Referring to FIG. 10F, an embodiment of a rotational sensor includes an optical sensor 235 within a volume 203 in the catheter 200 which is configured to sense changes in optical characteristics of optical references 238 positioned at regular intervals about the interior surface of the sheath 201. The optical references 238 may be texture, markings or applied strips of reflective material. As the catheter 200 rotates within the sheath 201, optical references 238 move over the optical sensor 235 which senses the movement as changes in incident or reflected light. Rotation can be tracked by counting the direction and number of optical references 238 passing beneath the optical sensor 235. Such an optical sensor may be of any form well known in optical sensor technologies. For example, the optical sensor 235 may include a light source 236, such as a light emitting diode or tip of an optical fiber, positioned to shine light on the catheter 200 and optical references 238, and a light sensor 237, such as a photodiode, positioned to sense light reflected or emanating from the catheter 200. While the light source 236 and sensor 237 may be position within the volume 203 within the sheath 201, the source and sensor may be located elsewhere and optically linked to the volume 203 by one or more optical fibers. In this alternative configuration, a single optical fiber may be used to both transmit illuminating light to the volume 203 and return a portion of the reflected light. The optical sensor 235 may operate by sensing relative changes in reflected light, as would be produced when alternative bands of light and dark material pass above the sensor. In another embodiment, the optical sensor 235 may sense patterns (e.g., barcode) in the optical references 238, which may be used to encode information, such as angle about the catheter. In further embodiment, the optical sensor 235 may sense color so that angle information can be encoded by using different color optical references 238 about the catheter circumference.

Information from a rotational and/or translational movement sensor at the catheter proximal end can be provided to a sensor, such as the ultrasound imaging system processor, which can be programmed to interpret the sensor information and estimate the position and orientation of the catheter distal end based upon that information. This processor may estimate the catheter position in real time, or store the sensor information along with ultrasound image information for later processing. Also, the processor may be programmed to update position and orientation information obtained from fluoroscopic methods with rotational and/or translational movement sensor information.

An ultrasound phased array transducer operated using B-mode ultrasound imaging technique renders 2D images, such as the images of the left ventricle of the heart illustrated in FIGS. 11A and 11B. B-Mode ultrasound imaging displays an image representative of the relative echo strength received at the transducer. A 2-D image can be formed by processing and displaying the pulse-echo data acquired for each individual scan line across the angle of regard 15 of the phased array transducer. This process yields a two-dimensional B-mode image of the endocardial surface of the ventricle, examples of which is illustrated in FIGS. 11A and 11B. The cardiologist may define the edge of the endocardial surface 5′, 7′ in the image by manually tracing the edge using an interactive cursor (such as a trackball, light pen, mouse, or the like) as may be provided by the ultrasound imaging system. By identifying the edges of structure within an ultrasound image, an accurate outline of ventricle walls can be obtained and other image data ignored. The result of this analysis may be a set of images and dimensional measurements defining the position of the ventricle walls at the particular instants within the cardiac cycle. The dimensional measurements defining the interior surface 5′ or 7′ of the endocardium can be stored in memory of the ultrasound system and analyzed using geometric algorithms to determine the volume of the ventricle.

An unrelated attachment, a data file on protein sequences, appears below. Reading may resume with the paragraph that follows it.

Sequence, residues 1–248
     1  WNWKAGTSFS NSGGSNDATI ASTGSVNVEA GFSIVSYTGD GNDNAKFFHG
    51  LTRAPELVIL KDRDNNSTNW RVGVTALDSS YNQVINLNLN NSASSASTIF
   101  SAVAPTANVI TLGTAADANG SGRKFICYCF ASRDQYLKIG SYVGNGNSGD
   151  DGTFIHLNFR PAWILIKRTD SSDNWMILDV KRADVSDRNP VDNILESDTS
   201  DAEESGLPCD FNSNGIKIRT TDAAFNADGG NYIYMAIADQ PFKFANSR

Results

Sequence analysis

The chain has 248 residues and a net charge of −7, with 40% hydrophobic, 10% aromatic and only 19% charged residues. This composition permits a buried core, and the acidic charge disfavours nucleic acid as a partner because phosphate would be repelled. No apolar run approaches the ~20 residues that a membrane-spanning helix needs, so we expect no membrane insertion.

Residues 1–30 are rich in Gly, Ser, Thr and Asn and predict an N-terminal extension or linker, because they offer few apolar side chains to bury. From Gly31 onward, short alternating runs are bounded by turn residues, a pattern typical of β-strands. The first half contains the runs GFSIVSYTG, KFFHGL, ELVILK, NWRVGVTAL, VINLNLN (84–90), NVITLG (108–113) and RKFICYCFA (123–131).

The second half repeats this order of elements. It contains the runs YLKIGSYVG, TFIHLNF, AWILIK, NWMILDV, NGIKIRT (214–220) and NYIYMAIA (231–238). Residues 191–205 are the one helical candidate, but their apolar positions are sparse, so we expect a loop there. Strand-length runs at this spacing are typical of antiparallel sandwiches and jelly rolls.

The system computer can then combine the position information with the ECG data obtained through any of the means currently known in the art, and the 2D images acquired from the ultrasound scanner (100). The ECG signals, which generally correlate to the phase of the heart in the cardiac cycle, can be used to judge whether frames acquired over a number of cardiac cycles correspond to relatively similar mechanical states of contraction or relaxation from one acquired frame to the next acquired frame. Methods for using ECG signals to combine images and average multiple images at a particular phase or relative time within the cardiac cycle (time gating) are described in U.S. application Ser. No. 11/002,661 published as U.S. Patent Publication No.2005/0080336, the entire contents of which are incorporated herein by reference in their entirety.

Correlating ultrasound images to phases in the cardiac cycle can be important since otherwise, different parts of the reconstructed 3D image might be obtained from different parts of the cardiac cycle and provide an inaccurate representation of the cardiac structure being imaged. However, care has to be taken to ensure that there exists no appreciable time-difference between the ECG signals and the ultrasonic images, since such delays could be entrained when dealing with large amounts of image data as compared to the relatively low density of data from a few ECG channels.